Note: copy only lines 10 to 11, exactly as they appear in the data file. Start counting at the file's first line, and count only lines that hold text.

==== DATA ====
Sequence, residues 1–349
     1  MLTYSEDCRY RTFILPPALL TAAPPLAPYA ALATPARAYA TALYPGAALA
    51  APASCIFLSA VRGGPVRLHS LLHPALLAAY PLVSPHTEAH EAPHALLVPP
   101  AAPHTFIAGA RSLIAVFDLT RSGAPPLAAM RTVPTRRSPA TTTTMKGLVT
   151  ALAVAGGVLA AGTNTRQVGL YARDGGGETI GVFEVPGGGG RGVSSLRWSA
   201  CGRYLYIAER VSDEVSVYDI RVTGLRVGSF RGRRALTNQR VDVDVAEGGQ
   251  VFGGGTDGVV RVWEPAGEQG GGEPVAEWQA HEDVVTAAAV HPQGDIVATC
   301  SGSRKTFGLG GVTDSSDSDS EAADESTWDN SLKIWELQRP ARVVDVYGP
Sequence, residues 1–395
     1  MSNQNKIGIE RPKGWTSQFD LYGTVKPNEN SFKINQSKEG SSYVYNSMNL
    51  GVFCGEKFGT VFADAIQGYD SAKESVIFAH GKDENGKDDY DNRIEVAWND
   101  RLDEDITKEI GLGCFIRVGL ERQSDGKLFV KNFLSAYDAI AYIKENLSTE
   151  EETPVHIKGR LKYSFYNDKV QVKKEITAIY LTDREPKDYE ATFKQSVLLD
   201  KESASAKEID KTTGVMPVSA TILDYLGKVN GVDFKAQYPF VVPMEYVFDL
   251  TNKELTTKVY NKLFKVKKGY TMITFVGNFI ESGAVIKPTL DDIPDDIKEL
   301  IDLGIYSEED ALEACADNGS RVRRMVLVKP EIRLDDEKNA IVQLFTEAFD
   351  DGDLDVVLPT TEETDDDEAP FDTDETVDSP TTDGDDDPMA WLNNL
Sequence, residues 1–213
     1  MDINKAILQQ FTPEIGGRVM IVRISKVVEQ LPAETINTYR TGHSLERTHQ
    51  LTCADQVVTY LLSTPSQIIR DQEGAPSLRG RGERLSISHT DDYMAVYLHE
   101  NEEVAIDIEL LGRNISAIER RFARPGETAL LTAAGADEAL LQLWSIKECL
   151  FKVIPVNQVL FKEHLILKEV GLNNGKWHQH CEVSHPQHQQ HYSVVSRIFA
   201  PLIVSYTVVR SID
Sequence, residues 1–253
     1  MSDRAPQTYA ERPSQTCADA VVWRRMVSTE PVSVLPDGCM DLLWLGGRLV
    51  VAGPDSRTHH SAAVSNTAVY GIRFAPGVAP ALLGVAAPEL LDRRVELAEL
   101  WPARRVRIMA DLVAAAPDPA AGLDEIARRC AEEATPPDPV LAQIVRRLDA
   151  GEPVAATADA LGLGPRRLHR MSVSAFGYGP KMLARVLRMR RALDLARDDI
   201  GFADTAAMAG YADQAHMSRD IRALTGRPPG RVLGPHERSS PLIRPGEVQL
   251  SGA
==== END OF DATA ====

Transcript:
     1  MSNQNKIGIE RPKGWTSQFD LYGTVKPNEN SFKINQSKEG SSYVYNSMNL
    51  GVFCGEKFGT VFADAIQGYD SAKESVIFAH GKDENGKDDY DNRIEVAWND